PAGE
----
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> If the containment had held, there would have been no radiation release outside the plant.

This is not how it works. Containment structures prevent the actual core materials from exiting the reactor, since those are heavy metals with high radioactivity and long half lives. The latest reports suggest that the reactor pressure vessel (RPV) in Unit 2 is likely breached, but this is inside the primary containment vessel (PCV).

In both the Three Mile Island and Fukushima incidents, radioactive steam was vented to the atmosphere. Additionally at Fukushima a breached pressure vessel probably leaked radioactive water into the primary containment vessel. This water was pumped out (into spent fuel storage, I think). I've also heard concerns that the spent fuel pools were feared to be leaking into the ocean, but so far as I know that hasn't happened enough to cause alarm.

The radiation inside the containment structure where the Unit 2 RPV breached is really high, "dead in a couple hours" levels. Outside the reactor buildings (the red dots on the map in your second link) background radiation levels didn't rise any higher than the natural background radiation in parts of Kerala, India, and in several other places around the world. Much higher than normal for Japan, sure, but nothing dangerous. Those levels can be explained by the Iodine and Cesium isotopes in the vented steam.

Calling these happenings a "containment failure" is disingenuous at best. The 50-year-old containment structures at Fukushima appear to have done exactly the job they were designed to do, after a magnitude 9 earthquake no less.




From "Report by the Director General of the International Atomic Energy Association":[1]

Confinement of radioactive material and control of radioactive releases

As a result of the damage to the reactor cores in Units 1–3, large amounts of steam and hydrogen escaped the reactor pressure vessels. This, in turn, pressurized and heated the primary containment vessels. These vessels were breached and steam, hydrogen and other gases, together with radioactive material, were released into the reactor buildings and eventually to the environment. The primary containment vessels of the reactors had not been designed to withstand the pressure that could be generated in a severe accident; because of this, venting systems had been installed in the 1990s [22, 23] to limit the pressure in the containment vessels in the event of an accident. There are indications that the primary containment vessels for Units 1–3 failed at various stages in the progression of the accident. This was the result of the pressure and temperature in the primary containment vessel rising to levels that were far in excess of their designed capability before venting could be implemented (see Section 2.1). The leakage of radioactive material from the reactor cores was partially mitigated by the suppression pools, which retained some of the radionuclides released from the reactor pressure vessels.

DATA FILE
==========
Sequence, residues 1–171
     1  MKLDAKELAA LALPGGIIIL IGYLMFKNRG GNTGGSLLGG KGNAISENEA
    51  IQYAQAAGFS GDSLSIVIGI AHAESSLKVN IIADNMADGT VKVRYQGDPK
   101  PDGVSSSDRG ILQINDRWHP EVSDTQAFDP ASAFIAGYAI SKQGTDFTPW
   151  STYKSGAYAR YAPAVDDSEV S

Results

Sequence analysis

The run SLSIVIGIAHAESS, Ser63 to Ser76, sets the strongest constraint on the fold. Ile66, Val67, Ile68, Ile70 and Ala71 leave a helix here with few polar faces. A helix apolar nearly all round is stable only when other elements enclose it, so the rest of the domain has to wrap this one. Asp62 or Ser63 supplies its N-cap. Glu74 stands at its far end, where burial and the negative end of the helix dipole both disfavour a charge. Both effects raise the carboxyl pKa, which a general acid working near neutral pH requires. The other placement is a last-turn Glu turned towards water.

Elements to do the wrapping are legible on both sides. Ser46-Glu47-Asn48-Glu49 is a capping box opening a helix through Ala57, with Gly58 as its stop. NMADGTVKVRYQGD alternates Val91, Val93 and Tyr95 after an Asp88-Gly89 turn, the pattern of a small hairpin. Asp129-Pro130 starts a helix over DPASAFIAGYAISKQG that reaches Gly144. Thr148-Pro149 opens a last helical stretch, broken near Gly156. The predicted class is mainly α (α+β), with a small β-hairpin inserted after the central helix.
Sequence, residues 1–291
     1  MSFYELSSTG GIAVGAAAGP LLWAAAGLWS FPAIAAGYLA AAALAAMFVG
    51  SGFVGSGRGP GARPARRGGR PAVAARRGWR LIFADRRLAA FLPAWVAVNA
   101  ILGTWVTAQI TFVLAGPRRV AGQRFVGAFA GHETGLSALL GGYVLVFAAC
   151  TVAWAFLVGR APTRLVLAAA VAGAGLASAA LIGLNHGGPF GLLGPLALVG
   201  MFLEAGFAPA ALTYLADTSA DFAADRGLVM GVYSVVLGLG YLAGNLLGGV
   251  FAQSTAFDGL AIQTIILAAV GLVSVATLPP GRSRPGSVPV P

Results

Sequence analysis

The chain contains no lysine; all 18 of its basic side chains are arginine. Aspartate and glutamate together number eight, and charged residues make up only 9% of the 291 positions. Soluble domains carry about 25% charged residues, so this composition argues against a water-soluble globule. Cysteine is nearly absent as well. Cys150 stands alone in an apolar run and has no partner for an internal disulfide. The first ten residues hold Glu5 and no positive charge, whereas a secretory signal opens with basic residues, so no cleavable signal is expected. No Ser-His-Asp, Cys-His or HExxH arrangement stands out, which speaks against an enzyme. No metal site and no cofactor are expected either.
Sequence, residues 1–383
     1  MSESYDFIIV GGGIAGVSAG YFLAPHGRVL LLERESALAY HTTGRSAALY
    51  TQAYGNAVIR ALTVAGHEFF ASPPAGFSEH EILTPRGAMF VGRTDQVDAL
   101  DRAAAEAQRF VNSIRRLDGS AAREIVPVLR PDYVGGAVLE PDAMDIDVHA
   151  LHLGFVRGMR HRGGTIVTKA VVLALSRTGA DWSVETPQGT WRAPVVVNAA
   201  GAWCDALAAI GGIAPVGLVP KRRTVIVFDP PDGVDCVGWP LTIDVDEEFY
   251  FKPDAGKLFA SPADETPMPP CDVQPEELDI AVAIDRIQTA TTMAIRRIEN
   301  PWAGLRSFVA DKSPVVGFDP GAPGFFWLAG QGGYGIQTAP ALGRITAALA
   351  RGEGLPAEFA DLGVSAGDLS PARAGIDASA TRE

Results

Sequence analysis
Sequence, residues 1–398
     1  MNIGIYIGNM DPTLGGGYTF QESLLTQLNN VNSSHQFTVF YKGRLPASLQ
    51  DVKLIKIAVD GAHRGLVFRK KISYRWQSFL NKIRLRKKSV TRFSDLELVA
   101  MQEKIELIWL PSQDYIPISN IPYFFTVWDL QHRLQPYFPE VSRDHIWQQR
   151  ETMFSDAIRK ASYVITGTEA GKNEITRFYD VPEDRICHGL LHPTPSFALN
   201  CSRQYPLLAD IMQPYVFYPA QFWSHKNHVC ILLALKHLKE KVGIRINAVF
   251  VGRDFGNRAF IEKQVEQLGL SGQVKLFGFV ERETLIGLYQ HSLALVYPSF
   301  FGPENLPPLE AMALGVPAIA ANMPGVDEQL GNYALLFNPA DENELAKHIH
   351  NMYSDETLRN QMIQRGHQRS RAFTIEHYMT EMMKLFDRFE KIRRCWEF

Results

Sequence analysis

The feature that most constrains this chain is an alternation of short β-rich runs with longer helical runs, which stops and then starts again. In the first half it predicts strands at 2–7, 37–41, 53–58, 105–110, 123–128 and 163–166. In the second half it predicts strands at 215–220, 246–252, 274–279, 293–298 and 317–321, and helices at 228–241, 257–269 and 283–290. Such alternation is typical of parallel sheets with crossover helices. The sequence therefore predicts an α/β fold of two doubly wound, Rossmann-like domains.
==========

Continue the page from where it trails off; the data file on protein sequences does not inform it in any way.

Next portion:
That should be clear enough.

The radioactive water problem is huge. It was not "pumped into spent fuel storage". Several large tank farms were built to store it, along with a processing plant to remove radioactive solids. Some of it did leak into the Pacific Ocean.

[1] http://www-pub.iaea.org/MTCD/Publications/PDF/Pub1710-Report...


> These vessels were breached and steam, hydrogen and other gases, together with radioactive material, were released into the reactor buildings and eventually to the environment.

Exactly what I described in less alarming words. Steam, hydrogen, other gases, and "radioactive material" (Iodine and Cesium in the steam) are not the same thing or anywhere near as dangerous as actual melted fuel and corium escaping containment. Conflating this with the idea of molten core materials breaching containment is extremely irresponsible.

I'm not entirely sure about the radioactive water situation, and it sucks to hear that it may be worse than I thought. Do you have a source confirming the extent of contaminated water that ended up in the ground or ocean? It's really hard to find anything unambiguous here, tons of stories about "leaks" but many of those reports are actually about leaks into the reactor buildings. As far as I can tell a very large number (trillions?) of becquerels went into the Pacific Ocean right around the time of the tsunami, and since then no water outside the reactor complex has been measured with radiation levels outside regulatory limits (although they've been pumping groundwater collecting in the basements into big tank farms, like you said). It does look like the large volume of water pumped into the ocean initially (to make room for contaminated core water in the spent fuel pools, like I said) may have accumulated in bottom-feeding fish near the site. And it looks like there may be water from the site leaking into the ocean at some rate (although not enough to make any ocean water unsafe to drink). Other than that all I can find is an enormous volume of noise and fearmongering.




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